The Mesh Grating on Your Microwave Is Actually an Important Safety Feature

There's a good reason why nearly every modern microwave has mesh grating covering the window. It's effective at blocking microwave radiation while letting light through at the same time.

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No matter how often you use it, your microwave may inspire confusion. It’s probably the only appliance in your kitchen that turns aluminum foil into pyrotechnics, and that can produce food that’s both half-frozen and hot enough to leave scars. Even the design may have you scratching your head as you heat up your leftovers. If you’ve ever questioned the mesh pattern that appears on microwave doors, you should know it’s there for a good reason.

As Science Friday explains, the dark grating is there for your protection. Microwave ovens use electromagnetic radiation to heat food. Microwaves (as in the actual waves, not the appliance) are long compared to other forms of radiation like X-rays or gamma rays. They’re about 12 centimeters (4.7 inches) long, making them bigger than wavelengths of visible light. 

The mesh of microwave oven doors is designed with this in mind. Microwaves can’t fit through the pin-prick holes, so they bounce off the door and back into the box. Light waves are small enough to penetrate the holes, which allows you to watch your food as it’s being cooked without exposing yourself to radiation.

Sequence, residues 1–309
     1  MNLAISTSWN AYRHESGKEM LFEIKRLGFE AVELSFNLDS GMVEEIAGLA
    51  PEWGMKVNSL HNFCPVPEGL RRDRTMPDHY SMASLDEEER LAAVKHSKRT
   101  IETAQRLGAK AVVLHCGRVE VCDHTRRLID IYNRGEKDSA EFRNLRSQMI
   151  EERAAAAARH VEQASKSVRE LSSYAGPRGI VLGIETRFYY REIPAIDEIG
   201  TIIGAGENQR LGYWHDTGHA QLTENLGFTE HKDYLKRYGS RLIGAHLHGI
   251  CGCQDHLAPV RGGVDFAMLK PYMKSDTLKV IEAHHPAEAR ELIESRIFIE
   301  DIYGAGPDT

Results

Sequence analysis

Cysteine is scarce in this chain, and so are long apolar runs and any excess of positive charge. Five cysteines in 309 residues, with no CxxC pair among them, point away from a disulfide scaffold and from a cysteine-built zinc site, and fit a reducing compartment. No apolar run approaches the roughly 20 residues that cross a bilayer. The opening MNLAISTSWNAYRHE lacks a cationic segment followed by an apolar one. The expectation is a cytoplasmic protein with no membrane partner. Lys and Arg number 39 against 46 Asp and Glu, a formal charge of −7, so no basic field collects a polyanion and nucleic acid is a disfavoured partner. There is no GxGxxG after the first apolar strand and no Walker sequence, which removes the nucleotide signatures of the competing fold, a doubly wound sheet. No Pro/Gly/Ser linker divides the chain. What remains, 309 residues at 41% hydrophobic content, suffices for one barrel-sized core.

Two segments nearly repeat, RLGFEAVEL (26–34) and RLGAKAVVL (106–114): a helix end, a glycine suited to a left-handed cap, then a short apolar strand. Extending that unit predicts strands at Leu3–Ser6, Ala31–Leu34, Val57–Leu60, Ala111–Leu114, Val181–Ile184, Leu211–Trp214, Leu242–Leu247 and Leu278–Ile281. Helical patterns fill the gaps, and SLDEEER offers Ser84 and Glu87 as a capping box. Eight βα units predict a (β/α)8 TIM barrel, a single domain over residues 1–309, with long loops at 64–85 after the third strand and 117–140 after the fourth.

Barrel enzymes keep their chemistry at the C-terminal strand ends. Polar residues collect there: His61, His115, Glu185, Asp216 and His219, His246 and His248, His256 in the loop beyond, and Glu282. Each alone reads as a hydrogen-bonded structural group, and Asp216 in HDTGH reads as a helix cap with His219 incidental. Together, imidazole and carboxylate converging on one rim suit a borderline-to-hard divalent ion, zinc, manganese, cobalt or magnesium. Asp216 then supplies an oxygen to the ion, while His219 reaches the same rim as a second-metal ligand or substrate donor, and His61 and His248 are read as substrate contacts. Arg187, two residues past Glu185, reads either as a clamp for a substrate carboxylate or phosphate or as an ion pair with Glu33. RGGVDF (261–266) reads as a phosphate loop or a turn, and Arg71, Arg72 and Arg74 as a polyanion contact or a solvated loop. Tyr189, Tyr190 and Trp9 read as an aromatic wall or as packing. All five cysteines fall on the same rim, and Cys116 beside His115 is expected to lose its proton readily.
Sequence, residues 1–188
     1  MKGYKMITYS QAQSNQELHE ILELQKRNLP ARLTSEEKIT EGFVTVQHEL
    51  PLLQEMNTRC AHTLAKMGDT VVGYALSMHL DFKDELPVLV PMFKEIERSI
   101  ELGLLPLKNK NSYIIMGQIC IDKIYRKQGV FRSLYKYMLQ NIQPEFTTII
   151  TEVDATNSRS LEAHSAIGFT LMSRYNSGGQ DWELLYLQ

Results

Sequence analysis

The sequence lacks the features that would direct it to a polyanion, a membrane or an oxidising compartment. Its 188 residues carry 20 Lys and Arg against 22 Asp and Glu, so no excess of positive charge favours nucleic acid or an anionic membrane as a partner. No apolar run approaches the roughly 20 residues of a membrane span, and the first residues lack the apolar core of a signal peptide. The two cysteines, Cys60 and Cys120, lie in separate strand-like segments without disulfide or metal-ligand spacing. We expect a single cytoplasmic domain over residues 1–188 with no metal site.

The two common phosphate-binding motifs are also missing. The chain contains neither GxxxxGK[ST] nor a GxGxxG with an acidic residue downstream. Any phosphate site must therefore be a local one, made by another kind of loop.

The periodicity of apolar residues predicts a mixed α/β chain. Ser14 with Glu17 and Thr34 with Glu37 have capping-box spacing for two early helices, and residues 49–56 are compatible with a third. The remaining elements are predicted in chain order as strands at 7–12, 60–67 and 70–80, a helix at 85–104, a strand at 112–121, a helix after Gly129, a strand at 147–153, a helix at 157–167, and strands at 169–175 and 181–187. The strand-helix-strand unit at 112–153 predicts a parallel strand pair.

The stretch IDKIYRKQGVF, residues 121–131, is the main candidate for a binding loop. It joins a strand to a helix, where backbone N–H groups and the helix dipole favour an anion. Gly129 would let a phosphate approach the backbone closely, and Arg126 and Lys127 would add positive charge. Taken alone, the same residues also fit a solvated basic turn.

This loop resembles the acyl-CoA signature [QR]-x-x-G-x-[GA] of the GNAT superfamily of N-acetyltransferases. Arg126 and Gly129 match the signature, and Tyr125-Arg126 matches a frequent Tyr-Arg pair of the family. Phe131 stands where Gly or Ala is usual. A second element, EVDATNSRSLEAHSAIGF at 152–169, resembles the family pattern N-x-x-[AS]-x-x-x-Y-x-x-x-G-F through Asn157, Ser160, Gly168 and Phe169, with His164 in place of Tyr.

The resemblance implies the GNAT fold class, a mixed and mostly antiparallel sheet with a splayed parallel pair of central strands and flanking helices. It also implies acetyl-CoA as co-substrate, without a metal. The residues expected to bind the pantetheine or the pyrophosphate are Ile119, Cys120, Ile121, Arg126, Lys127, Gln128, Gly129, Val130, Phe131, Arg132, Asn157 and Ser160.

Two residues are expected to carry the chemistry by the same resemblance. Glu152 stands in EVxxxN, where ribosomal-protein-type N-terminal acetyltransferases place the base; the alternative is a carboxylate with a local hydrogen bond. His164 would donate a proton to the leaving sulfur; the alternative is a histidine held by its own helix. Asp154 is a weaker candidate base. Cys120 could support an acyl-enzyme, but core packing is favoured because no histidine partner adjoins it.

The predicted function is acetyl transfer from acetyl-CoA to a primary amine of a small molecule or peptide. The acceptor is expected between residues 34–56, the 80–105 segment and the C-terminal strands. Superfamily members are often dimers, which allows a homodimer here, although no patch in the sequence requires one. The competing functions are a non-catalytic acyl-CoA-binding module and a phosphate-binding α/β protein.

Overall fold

This structure is called a Faraday cage (named after scientist Michael Faraday), and it does more than keep you safe—it allows the appliance to work properly. Microwaves heat food by frantically bouncing against the walls of the oven, including the mesh window. The randomness of the heat source is the reason your meal can come out scaldingly hot in some spots and cold in others. 

Even if you don’t love the idea of a thin grate separating you from radiation exposure, you shouldn’t necessarily ditch your microwave. While they’re not something you want to absorb on a daily basis, microwaves pose a relatively minor threat compared to other forms of radiation. Because they’re longer, microwaves give off non-ionizing radiation, so they don’t inflict damage on a molecular level the way X-rays can. So even if small amounts of radiation do manage to escape your microwave oven, there’s no need to don protective gear before checking on your Hot Pocket.